The Conference of the Books consoles our reality with a dream. The dream is complex and rich but serene. It is the serenity of faith directed by the intellect and disciplined by morality. In this dream, the human soul and mind are uplifted by the Divine. The Divine affirms the innate worth of the human being. A dream might exist at the edge of reality, yet it remains only a dream. By its very nature, a dream urges, teases, and provokes reality, but a dream is not real.
Early in the morning hours you sit engulfed in your dream. The last ten days of Ramadan break down your body. Liberated, you further abandon the physical to the metaphysical, and you abandon what you know for what you hope to know.
As the hours pass, a knock on the door announces the end of supplications and the serenity of isolation. If the Conference is a dream, then our reality is a nightmare. Why is it that the victims of this nightmare are most often women, and the victimizers are genderless beings?
Yet another woman attracted to the religion and repulsed by the followers—validated by the Qur’an and voided by Muslims. “When I first visited the mosque, believe me, I was dressed modestly. But a man ran yelling at me,” she insists. My first lesson in Islam was that men have bodies, women only have ‘awras (private parts). In fact, I am nothing but an ‘awra. Her eyes fill up with tears. I have become so desensitized to those tears.
The second lesson learned was even more painful. Allah says, “When you are greeted with a greeting, then greet with one fairer or repeat the same greeting” (4:86). Allah also states, “And when you enter houses, greet each other with a greeting from Allah, pure and blessed. That is how God explains things to you clearly so that you may understand” (24:61).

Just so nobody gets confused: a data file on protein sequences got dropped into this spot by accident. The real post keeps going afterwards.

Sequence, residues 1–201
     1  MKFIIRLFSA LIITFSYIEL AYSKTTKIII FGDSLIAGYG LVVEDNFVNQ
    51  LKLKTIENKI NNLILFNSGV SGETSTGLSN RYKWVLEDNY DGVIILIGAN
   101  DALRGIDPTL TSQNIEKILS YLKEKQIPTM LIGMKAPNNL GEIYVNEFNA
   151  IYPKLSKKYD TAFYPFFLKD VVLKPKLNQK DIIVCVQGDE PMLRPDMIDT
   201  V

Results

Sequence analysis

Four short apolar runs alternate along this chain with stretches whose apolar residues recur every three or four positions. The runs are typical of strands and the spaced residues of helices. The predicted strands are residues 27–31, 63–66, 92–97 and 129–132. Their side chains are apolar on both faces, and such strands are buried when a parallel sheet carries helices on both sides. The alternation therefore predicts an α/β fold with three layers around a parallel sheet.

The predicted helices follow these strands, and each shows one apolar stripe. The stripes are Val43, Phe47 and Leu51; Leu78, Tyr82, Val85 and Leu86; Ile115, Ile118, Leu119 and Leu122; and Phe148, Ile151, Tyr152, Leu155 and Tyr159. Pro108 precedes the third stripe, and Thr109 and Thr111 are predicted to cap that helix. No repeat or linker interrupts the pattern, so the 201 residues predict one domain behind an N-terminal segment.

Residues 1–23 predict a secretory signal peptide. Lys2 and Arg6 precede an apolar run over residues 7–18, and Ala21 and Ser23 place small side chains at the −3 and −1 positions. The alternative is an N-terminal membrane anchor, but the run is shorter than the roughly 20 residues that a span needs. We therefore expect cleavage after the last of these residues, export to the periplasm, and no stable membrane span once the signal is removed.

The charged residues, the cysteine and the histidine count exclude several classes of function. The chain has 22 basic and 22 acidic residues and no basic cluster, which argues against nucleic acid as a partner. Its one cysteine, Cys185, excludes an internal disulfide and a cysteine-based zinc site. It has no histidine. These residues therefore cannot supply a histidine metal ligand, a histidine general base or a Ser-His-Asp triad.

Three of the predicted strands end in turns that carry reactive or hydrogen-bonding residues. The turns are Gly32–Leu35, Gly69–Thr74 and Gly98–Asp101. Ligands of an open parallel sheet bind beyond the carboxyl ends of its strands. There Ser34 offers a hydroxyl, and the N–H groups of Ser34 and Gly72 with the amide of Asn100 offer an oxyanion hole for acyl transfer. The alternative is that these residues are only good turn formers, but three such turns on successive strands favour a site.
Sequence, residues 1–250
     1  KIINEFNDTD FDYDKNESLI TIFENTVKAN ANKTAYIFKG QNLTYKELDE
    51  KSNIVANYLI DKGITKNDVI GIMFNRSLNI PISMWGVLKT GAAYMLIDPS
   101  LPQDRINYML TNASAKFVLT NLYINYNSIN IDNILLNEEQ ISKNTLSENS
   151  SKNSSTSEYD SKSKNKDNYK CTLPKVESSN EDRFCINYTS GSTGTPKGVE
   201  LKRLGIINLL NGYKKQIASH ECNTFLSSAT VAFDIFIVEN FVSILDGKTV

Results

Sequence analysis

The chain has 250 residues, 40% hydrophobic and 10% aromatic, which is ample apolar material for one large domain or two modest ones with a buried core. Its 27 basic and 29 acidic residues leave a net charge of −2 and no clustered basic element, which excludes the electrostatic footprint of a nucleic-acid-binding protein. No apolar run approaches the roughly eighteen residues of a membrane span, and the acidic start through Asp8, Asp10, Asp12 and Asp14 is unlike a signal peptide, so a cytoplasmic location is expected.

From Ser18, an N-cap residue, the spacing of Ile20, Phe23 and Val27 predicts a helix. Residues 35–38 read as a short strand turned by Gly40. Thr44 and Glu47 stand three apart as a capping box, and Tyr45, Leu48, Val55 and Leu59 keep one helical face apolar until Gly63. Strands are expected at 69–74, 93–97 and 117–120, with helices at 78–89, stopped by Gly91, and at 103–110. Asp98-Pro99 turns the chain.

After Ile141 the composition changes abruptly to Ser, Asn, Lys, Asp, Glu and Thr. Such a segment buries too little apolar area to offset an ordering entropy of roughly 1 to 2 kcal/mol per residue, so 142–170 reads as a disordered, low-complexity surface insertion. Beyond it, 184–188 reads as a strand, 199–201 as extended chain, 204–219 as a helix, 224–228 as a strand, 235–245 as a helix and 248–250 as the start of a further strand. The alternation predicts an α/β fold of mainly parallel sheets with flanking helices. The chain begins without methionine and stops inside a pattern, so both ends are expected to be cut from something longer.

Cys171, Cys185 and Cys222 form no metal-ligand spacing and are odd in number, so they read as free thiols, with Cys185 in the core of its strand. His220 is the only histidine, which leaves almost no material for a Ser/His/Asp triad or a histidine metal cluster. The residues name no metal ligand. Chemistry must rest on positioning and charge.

But I don’t understand. I was told that when you enter the house of God, you may not greet men. In fact, when you enter anywhere you may not greet men. I was told that if greeted, I may respond in a low voice. Al-salamu ‘alaykum, may be answered in an equal salam (greeting). Greet only if greeted embodies the same logic of speak only if spoken to.
“I am not a petty person,” she says in her typically defensive fashion, “but I don't understand.” How could the religion that “liberated” women transform them into an “‘awra?” How could women be liberated, but denied existence? If I am denied the right to greet someone, I am denied the right to assert my existence. If I wait to be greeted before I may respond, then I am awaiting my existence to be acknowledged before I may exist.
On the Final Day, the righteous will be bestowed with an immeasurable favor. They will be greeted by God, and their greeting will be “salam” (33:44; 10:10). Their merit will be acknowledged by God—a generous greeting that affirms their worth. But men are not my God, and my worth cannot hinge on their acknowledgment or generosity.
I pull Fath al-Bari, the commentary on al-Bukhari (d. 256/870), from the bookshelf, and I review the rules with her. I wish I could respond to a moral argument at a moral level. Instead, I review the rules.
The evidence conflicts and the jurists disagree. The Kufan jurists forbade women from greeting men. Other jurists allowed it without restriction. Maliki jurists espoused a subjective standard—both sexes may greet each other if there is no fear of sexual enticement. I wonder what type of person becomes aroused by an act of common courtesy?
She pauses lost in thought. Legalities can stun morality. She asks, “And what do you think?”
What do I think? I think the pedantic indulges the absurd. I think you should say, “Peace be upon you, we do not seek after the ignorant” (28:55).